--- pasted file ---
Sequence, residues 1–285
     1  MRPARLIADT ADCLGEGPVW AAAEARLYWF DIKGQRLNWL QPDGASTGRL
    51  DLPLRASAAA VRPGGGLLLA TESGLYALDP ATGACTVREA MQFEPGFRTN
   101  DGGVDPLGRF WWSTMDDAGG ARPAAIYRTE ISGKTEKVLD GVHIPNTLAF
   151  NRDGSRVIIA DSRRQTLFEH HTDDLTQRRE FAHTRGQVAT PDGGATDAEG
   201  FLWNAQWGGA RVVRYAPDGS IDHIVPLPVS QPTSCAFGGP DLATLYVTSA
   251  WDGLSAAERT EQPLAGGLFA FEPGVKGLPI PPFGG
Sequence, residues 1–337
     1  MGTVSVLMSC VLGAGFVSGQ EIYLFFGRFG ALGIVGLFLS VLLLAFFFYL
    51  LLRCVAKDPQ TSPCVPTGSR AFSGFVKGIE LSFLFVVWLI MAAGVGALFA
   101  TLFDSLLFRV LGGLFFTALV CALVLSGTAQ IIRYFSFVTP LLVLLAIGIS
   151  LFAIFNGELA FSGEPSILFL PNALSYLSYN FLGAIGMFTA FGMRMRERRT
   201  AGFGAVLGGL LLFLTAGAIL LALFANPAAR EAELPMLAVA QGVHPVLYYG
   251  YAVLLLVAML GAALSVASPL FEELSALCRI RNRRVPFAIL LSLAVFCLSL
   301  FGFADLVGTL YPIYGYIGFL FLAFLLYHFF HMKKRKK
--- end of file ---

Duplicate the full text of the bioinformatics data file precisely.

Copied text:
Sequence, residues 1–285
     1  MRPARLIADT ADCLGEGPVW AAAEARLYWF DIKGQRLNWL QPDGASTGRL
    51  DLPLRASAAA VRPGGGLLLA TESGLYALDP ATGACTVREA MQFEPGFRTN
   101  DGGVDPLGRF WWSTMDDAGG ARPAAIYRTE ISGKTEKVLD GVHIPNTLAF
   151  NRDGSRVIIA DSRRQTLFEH HTDDLTQRRE FAHTRGQVAT PDGGATDAEG
   201  FLWNAQWGGA RVVRYAPDGS IDHIVPLPVS QPTSCAFGGP DLATLYVTSA
   251  WDGLSAAERT EQPLAGGLFA FEPGVKGLPI PPFGG
Sequence, residues 1–337
     1  MGTVSVLMSC VLGAGFVSGQ EIYLFFGRFG ALGIVGLFLS VLLLAFFFYL
    51  LLRCVAKDPQ TSPCVPTGSR AFSGFVKGIE LSFLFVVWLI MAAGVGALFA
   101  TLFDSLLFRV LGGLFFTALV CALVLSGTAQ IIRYFSFVTP LLVLLAIGIS
   151  LFAIFNGELA FSGEPSILFL PNALSYLSYN FLGAIGMFTA FGMRMRERRT
   201  AGFGAVLGGL LLFLTAGAIL LALFANPAAR EAELPMLAVA QGVHPVLYYG
   251  YAVLLLVAML GAALSVASPL FEELSALCRI RNRRVPFAIL LSLAVFCLSL
   301  FGFADLVGTL YPIYGYIGFL FLAFLLYHFF HMKKRKK